A travel blog sprinkled in literature and served up with a dollop of foods from around the globe.

Tuesday, 25 March 2014

Eating the American South

Studying abroad at the University of North Carolina, I was fully prepared to gain the “freshman 15”, the obligatory 15lbs you would undoubtedly gain from gorging at the dining hall on biscuits, yams, fried chicken (fried anything!) and macaroni cheese.
After taking a course at Roehampton, entitled Reading the American South, the theme of food amongst the African-American Southern community showed immense weight. The sharing of food stretches beyond sustenance, it is a way to show support and emotion where words may fail. What strikes me most about the cooking in the American South is the power food has for comfort, as in Bosnia, food is a way to show community in the wake of atrocities. 

   In Zora Neal Hurson’s novel Their Eyes Were Watching God (1937), the plot follows a woman named Janie who goes to great lengths to create a healing soup for her sick husband. Similarly in Kathryn Stockett best selling novel The Help (2009) food is a thing of pride and comfort. Set in Jackson, Mississippi, in the 1960s, the novel portrays an account of African-American maids working for white families. In the novel and in Mississippi in the fifties and sixties, laws on segregation were put in place to separate whites and blacks. Jim Crow laws were put into practice from 1890 to 1965 promoting a “separate but equal” status for African-Americans. This meant separate housing, schools, churches and even books. What struck me most whilst reading The Help and other books surrounding the segregation in the American South was that it was the black maids and cooks fed their own families as well as their employers, consequently in a time when white women winced their noses at sharing a bathroom with their black maids, they were entering complicity into participating in familial rituals with black women by eating food cooked by the same hands. This is a comforting thought, it is also humbling to see how, now fifty years after the dissipation of the Jim Crow laws, the food, is what remains. The food made by black hands is now cooked throughout the American South. In the 2009 film “The Help” based the novel, Minnie, played by Octavia Spencer claims that “Frying chicken always makes me feel a little better about life.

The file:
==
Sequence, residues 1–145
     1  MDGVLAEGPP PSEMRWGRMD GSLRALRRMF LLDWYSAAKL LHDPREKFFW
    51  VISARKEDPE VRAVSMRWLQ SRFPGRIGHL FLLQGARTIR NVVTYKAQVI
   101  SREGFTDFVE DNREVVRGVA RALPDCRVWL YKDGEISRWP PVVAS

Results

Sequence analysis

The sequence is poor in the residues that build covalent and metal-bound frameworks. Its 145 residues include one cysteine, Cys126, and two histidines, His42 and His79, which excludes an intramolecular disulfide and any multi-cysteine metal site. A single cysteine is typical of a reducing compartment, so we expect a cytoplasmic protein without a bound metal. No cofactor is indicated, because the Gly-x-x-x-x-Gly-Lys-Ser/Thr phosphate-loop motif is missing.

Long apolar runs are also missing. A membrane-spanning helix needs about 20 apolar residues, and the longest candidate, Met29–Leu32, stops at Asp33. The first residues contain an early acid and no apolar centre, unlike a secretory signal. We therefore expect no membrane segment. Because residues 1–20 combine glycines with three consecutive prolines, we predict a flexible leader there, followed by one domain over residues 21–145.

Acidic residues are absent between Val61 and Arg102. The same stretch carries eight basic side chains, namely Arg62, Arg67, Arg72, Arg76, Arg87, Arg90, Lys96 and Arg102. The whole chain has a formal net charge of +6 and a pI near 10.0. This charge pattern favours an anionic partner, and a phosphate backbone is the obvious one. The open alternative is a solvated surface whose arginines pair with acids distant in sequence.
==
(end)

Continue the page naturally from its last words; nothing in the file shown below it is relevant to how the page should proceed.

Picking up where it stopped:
One afternoon back home in Kent with deadlines looming I tried it out to relieve a bit of stress by taking Minnie’s advice and frying some chicken. IT WORKS,  throw out your Prozac and pick up a brown paper bag with chicken and seasoning in and give it a big old shake, you can feel your worries sliding off you. The frying itself is therapeutic too watching the skin take shape reminded me of dripping sand through water on the beach.

Chicken: Drumstick, Thigh or breast Pieces
Seasoning: (play around with quantities depending on how much chicken you have)
Flour (1 cup)
(Approx 2 tsps each)
Garlic salt
500mg Lard
Place chicken in brown paper bag with seasoning and shake until your hearts content (or until all chicken is evenly covered) A TIP: Put your chicken in a bowl of cold water in the fridge 15 minutes before frying to lock in the flavours of the meat. After heating lard for 5 minutes on high heat, place chicken and cook until skin becomes crispy, turning regularly. Make sure juices run clear to ensure the chicken is cooked.
Serve with fried green beans and biscuits AND ENJOY some comforting soul food!
Cooking, for me, has always been a form of anesthesia for the soul, when eating the food of the American South, I can feel the gravitas of the social significance that this cuisine represents which speaks volumes for the heterogeneity of cuisines inside the United States. The microcosm of one household in Kent, England sitting down to a home-made dish of fried chicken and experiencing its magical effects proves something that I have been trying to explore throughout my blog. The importance that, as well as people travelling and experiencing food, food must also travel; it is the responsibility of the worldly gourmands to enable this with respect and appreciation.

Hurston, Zora Neale. Their Eyes Were Watching God: A Novel. New York: Perennial Library, 1990. Print.
Stockett, Kathryn. The Help. New York: Amy Einhorn, 2009. Print.

1 comment:

  1. Hiya, I found this very interesting to read and acquired knowledge I hadn't had before. I also love eating chicken, fried chicken at that so this is something I would definitely try to cook. Great blog post!